Website Security Concerns: 31 Percent of Targeted Attack Victims are SMBs
Have you or your team checked your small business website’s security, lately? If you haven’t done so in weeks, even months – beware; chances are, you are already a victim of cyber attacks – without you knowing it.
Or, have you ever noticed that a number of spam emails you receive is getting smarter and smarter?
I have received a series of emails, which look as if they were sent from the web services I regularly use, such as Paypal, LinkedIn, Amazon, etc. LinkedIn? Yes. I received numerous fake connection requests. The emails look strikingly similar to those sent by LinkedIn. I almost clicked the link – and I realized that the link is not leading to LinkedIn.
Indeed, targeted attacks have caused headaches to businesses, and they are showing no sign of slowing down.
Who’s the target of the attacks?
If you think that your small business is not a target due to its size, think again.
Here’s a sobering stat: Did you know that 31 percent of targeted attacks’ victims in 2012 are small and medium businesses?
That’s right – Symantec has reported that of all targeted attacks recorded, 31 percent are on SMBs – a 13 percent increase from 2011’s figure. Large organizations are still leading with 50 percent, but not by much.
Indeed, those figures can tell us a worrying trend: Once an issue for big corporations, today’s data breaches, spamming, phishing and other types of cyber attacks are also a major problem for small and medium businesses.
Let’s dig deeper in to the trends. Here is a series of infographics which can give you the big picture of the website security threat trends in 2013.
The figures above lead us to one big question: Are you really ready to thwart such threats?
Before you answer that question, consider these stats from the infographics, which can justify why there is a sense of urgency in securing your small business website:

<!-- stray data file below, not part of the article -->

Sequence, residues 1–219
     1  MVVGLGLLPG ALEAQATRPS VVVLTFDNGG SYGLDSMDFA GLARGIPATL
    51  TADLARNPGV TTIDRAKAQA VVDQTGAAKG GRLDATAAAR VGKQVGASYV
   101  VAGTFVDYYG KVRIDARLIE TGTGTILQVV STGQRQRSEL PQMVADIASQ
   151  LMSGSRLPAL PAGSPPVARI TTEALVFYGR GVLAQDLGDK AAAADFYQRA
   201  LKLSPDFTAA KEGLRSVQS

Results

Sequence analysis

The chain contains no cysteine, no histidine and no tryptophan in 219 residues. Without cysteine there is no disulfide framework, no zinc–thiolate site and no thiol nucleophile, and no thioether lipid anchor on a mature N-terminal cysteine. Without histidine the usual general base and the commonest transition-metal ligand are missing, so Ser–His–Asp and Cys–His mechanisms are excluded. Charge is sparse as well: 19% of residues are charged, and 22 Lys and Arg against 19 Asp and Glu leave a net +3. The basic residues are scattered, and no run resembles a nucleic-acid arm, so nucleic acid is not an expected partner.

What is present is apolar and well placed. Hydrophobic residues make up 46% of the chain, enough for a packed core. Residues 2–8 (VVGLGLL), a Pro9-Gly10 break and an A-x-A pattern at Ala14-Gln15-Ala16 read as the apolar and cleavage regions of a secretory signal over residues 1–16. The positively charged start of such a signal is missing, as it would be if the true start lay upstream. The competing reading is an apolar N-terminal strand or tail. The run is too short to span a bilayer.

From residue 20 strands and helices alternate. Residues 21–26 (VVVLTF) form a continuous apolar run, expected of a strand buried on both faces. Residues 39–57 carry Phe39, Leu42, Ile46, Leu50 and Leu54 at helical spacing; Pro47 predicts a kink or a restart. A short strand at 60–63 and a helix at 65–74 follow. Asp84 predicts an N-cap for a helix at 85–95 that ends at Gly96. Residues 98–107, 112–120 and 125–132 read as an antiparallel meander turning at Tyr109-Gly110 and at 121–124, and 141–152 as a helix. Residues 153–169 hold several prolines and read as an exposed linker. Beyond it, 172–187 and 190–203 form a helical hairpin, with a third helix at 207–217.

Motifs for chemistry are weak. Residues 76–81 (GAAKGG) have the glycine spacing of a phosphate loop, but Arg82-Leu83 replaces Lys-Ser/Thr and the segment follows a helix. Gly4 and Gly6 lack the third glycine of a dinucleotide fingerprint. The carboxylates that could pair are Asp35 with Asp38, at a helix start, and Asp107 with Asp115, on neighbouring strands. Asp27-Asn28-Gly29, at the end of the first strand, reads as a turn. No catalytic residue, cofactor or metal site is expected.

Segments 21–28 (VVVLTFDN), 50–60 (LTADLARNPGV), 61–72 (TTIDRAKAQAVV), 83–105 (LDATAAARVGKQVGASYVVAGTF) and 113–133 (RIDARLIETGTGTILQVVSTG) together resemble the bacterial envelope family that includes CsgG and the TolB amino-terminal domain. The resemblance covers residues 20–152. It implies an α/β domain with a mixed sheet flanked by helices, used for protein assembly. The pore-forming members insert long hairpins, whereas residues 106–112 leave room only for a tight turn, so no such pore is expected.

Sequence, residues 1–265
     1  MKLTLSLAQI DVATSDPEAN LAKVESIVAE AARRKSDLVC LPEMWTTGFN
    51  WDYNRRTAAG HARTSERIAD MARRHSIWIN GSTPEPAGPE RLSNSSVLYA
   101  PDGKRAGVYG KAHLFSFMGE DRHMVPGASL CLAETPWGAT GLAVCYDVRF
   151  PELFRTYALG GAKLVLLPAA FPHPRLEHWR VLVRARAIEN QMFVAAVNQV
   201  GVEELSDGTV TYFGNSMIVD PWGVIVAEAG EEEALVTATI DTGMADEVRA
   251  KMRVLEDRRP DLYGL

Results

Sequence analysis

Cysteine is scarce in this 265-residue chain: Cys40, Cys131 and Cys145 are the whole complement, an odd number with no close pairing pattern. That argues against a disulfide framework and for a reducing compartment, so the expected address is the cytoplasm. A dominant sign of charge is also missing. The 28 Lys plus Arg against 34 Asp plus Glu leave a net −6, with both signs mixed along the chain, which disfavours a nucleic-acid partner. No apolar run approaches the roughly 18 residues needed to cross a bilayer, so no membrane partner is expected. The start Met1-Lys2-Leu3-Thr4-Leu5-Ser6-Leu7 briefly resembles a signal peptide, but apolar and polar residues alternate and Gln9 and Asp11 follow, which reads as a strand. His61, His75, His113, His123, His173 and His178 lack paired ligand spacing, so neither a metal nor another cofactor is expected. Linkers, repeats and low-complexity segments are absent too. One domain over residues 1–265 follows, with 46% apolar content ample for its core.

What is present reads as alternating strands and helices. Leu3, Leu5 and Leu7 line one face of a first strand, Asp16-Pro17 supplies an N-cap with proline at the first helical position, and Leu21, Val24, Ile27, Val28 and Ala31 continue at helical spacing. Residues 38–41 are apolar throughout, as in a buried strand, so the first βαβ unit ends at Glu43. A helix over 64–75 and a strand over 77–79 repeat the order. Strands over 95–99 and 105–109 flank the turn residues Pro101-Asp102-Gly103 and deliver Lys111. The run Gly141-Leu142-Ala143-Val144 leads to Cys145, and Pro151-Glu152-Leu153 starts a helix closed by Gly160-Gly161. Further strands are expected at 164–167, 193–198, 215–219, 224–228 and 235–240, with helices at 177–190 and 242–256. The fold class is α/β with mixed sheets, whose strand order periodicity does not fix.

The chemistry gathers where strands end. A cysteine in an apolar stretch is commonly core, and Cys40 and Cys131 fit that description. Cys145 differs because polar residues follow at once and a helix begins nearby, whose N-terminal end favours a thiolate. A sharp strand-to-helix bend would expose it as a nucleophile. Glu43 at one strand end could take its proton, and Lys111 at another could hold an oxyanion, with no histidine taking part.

- What’s the average cost of cyber crime to businesses? Almost $600,000 in 2012, a 6 percent increase from last year’s figure
- There is a whopping 42 percent increase in the number of cyber attacks in 2012
- Social media phishing is a hot, new trend, increasing by 123 percent in 2012
We can assume that, in essence, the more you wait, the more vulnerable your business has become.
What to do?
Take action. There’s no better way in responding to website security threats than by taking action – in the right way. How? Symantec suggests the following:
1. Always consider yourself as a target to cyber attack. I’m not suggesting you that you should be paranoid, but the best way to enhance your website security is, firstly, by acknowledging that you are prone to such attack.
2. Understand your ‘enemies.’ Not only you who need to be knowledgeable when it comes to cyber attack, your business team should also understand what kind of attacks they are facing and how to deal with them. Your team should also be aware that not all clickable links on emails are created equal; some of them are real, and some others are just phishing efforts.
3. Use the right solutions. The technology you adopt in securing your website can be a game-changer. Website security solutions – like Symantec’s – can get you covered holistically.
Symantec offers more useful tips in dealing with cyber attacks in their report. I suggest you to download Symantec Website Security Threat Report 2013 (part 1 and 2) and please do let me know what you think of the trends and findings inside.
You might also like
As a small business owner, you are doing the best you can to cut costs and increase sales. In today’s nasty economic downturn, you are expected to go frugal even
What is the Impact of the Upcoming Legislation Changes on First-time Buyers, Homeowners, Tenants and Landlords?
This year, the Queen’s Speech and the chancellor’s budget announced upcoming legislation that will affect how immigration, council tax and housing work in the UK. While some of the exact
Mitch Biggs is a Featured Business & Finance Contributor to Associated Content. This is a reprint of a published article. Remember the quick read by Spencer Johnson on